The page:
United Kingdom

PETER HITCHENS: So is this really an epidemic of despair? 

What if this is in fact an epidemic of despair? I wrestle daily with the maze of figures advanced by all sides in the Covid-19 debate. They are hard to fathom.

How many actually die on any given day, as opposed to how many are recorded or announced? How many Covid patients in hospital have other major diseases but tested positive for Covid after arriving there? 

How many caught Covid in hospital? How reliable are Covid tests anyway? I know personally of several people who have tested positive only to get a negative result when they were retested. 

I wrestle daily with the maze of figures advanced by all sides in the Covid-19 debate. They are hard to fathom. Police are seen patrolling Trafalgar Square in London

Other potentially fatal diseases are just not being tested for in the same way. And there are serious questions to be asked about the registration of cause of death, going back many months.

There is also a strange drop in influenza this year. Amazingly, lockdown enthusiasts are crediting this to the closure of our society. But if strangling almost all normal life is so effective against flu, why is it not working against Covid?

Or is it perhaps that flu is still in our midst, but under a different name? I believe figures are also showing a reduction in excess deaths from Alzheimer’s and dementia. Why is that?

At the beginning of this, on March 18, the distinguished professor of medical microbiology, Sucharit Bhakdi, issued a warning.

His credentials are impressive. An infectious medicine specialist, he is one of the most highly cited medical research scientists in Germany. He is a former head of the Institute for Medical Microbiology at the Johannes Gutenberg University of Mainz, one of Germany’s most distinguished seats of learning. He is also a prophet.

He said that older people had the right to make efforts to stay fit, active, busy and healthy. But he warned that the shutdown of society would condemn them to early death by preventing this.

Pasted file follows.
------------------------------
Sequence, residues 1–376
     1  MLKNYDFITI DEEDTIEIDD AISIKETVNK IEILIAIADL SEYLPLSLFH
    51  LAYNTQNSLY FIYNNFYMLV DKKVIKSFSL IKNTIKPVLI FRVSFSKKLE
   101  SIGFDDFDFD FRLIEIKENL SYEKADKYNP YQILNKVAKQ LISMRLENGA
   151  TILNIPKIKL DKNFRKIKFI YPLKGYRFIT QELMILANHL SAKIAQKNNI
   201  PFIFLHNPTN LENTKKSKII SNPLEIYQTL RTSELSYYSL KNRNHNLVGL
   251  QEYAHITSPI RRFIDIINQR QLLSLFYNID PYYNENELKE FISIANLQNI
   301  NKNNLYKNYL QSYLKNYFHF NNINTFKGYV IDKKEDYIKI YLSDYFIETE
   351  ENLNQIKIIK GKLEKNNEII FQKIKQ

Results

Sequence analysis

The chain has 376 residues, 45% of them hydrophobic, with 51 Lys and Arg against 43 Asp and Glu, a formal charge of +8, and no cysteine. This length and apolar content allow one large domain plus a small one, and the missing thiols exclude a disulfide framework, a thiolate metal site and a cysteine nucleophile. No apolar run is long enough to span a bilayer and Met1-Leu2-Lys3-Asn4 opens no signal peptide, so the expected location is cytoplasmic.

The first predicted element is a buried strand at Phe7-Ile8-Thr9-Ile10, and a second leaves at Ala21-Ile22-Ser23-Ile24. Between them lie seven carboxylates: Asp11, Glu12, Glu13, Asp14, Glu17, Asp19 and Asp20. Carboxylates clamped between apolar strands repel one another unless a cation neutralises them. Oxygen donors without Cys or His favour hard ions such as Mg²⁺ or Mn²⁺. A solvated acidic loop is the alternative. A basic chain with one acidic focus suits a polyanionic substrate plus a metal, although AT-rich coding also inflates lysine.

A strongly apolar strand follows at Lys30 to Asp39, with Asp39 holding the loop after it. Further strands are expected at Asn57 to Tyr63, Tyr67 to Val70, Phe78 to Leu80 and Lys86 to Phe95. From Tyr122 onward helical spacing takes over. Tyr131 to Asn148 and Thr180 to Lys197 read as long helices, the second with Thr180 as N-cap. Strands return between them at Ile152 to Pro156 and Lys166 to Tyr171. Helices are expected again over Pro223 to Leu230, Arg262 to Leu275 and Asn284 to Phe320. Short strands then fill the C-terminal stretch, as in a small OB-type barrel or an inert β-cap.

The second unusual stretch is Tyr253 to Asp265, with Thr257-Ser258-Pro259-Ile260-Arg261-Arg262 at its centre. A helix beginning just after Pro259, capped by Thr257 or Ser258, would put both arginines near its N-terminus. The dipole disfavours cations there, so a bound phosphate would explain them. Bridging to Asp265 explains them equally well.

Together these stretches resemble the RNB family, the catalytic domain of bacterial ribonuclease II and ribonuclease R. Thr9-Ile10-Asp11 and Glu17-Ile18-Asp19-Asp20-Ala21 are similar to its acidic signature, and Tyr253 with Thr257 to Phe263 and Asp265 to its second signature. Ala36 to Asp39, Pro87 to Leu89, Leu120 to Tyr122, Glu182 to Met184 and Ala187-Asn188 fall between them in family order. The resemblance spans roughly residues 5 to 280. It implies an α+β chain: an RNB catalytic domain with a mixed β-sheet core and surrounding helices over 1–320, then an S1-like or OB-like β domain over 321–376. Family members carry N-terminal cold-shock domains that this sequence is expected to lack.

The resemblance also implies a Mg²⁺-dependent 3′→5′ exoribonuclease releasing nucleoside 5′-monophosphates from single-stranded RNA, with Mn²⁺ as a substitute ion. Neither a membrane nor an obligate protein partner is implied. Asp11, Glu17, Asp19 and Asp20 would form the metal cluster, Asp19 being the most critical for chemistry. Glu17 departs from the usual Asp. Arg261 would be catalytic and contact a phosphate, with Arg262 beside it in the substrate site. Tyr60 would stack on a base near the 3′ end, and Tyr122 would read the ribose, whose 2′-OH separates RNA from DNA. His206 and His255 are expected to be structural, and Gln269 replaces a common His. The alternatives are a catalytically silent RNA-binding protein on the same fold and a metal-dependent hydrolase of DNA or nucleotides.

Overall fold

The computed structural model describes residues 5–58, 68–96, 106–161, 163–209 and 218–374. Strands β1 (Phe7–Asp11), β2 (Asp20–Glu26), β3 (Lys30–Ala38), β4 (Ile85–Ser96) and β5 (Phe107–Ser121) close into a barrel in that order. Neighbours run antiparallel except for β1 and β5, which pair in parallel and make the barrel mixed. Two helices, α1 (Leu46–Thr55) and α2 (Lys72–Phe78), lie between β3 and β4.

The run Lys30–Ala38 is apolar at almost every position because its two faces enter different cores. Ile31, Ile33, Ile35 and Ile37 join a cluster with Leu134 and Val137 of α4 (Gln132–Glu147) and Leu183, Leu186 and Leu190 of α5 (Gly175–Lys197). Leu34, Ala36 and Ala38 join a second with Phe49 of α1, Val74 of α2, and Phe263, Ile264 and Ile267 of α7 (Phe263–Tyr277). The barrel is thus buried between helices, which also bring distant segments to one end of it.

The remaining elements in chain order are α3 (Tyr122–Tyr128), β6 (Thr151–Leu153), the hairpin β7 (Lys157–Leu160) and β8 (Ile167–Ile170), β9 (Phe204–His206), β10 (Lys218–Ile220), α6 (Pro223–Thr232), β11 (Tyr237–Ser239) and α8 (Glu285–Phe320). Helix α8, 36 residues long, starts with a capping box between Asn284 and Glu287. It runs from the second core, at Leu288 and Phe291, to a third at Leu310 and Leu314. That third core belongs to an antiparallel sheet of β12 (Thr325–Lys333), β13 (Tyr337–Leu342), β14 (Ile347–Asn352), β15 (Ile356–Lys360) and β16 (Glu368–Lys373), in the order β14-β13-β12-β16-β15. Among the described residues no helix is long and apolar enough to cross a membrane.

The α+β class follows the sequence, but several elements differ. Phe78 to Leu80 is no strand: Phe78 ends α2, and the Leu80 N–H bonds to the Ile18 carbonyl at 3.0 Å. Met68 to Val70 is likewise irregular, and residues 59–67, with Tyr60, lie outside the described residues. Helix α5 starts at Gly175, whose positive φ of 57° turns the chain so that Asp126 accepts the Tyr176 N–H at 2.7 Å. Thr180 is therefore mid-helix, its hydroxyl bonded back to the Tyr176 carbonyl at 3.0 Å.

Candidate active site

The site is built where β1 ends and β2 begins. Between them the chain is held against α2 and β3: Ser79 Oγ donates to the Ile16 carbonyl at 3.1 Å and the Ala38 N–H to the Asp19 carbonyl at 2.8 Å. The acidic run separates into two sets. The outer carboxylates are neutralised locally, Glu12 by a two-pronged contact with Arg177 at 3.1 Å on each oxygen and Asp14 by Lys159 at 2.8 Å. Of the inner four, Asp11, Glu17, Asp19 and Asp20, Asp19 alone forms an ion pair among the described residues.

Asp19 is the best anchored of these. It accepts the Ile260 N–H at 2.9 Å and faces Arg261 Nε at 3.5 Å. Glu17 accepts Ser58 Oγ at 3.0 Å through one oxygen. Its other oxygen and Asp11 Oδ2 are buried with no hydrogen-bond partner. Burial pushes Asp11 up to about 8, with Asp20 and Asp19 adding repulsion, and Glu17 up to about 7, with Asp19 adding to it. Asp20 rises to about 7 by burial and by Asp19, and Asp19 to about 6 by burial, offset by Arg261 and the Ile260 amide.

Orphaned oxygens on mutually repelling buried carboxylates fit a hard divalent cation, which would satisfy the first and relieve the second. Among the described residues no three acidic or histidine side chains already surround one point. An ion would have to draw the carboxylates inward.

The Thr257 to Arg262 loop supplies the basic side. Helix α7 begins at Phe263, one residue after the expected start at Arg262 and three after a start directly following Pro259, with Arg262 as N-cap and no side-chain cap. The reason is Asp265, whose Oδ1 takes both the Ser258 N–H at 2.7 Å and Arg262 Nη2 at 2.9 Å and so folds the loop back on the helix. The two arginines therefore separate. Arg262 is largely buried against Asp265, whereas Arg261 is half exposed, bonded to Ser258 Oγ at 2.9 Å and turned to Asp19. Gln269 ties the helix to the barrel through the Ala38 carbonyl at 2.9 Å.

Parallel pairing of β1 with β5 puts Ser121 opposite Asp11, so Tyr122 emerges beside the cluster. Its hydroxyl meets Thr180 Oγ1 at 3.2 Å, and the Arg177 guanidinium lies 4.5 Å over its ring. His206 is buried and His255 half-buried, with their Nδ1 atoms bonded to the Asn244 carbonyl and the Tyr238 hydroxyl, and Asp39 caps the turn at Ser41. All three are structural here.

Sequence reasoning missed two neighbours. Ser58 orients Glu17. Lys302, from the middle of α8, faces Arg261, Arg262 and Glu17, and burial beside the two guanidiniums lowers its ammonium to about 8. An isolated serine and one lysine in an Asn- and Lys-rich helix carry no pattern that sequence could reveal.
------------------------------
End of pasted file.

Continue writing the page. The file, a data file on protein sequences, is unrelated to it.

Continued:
He is a former head of the Institute for Medical Microbiology at the Johannes Gutenberg University of Mainz, one of Germany’s most distinguished seats of learning. He is also a prophet. He said that older people had the right to make efforts to stay fit, active, busy and healthy. A warning sign is seen in Wakefield, Yokrshire

‘Social contacts and social events, theatre and music, travel and holiday recreation, sports and hobbies, all help to prolong their stay on earth. The life expectancy of millions is being shortened.’

In a prediction that has turned out to be terribly accurate, he added: ‘The horrifying impact on the world economy threatens the existence of countless people. The consequences for medical care are profound.

‘Already services to patients who are in need are reduced, operations cancelled, practices empty, hospital personnel dwindling. All this will impact profoundly on our whole society.’

Who can doubt it? How many have seen parents and grandparents, deprived of the social contacts and interests that until March kept them busy and well, fade into shadows of themselves? What effect do you think this change has had on their resistance to disease?

Great escape from our dark world

In an attempt to escape from the darkening misery of now, I am plunging into the recent past by rewatching the marvellous French spy TV series The Bureau. Yet the escape only partly works.

I am reminded by the programmes themselves of the extraordinary freedom to travel the world we have now lost (East German pensioners had more freedom to travel than I now have). And I am reminded, by recalling my life as it was when I first watched the series in 2019, how the dark cloud of unfreedom and intolerance has climbed high into what was once a clear sky, in the past ten months.

The riddle I’m at a loss to explain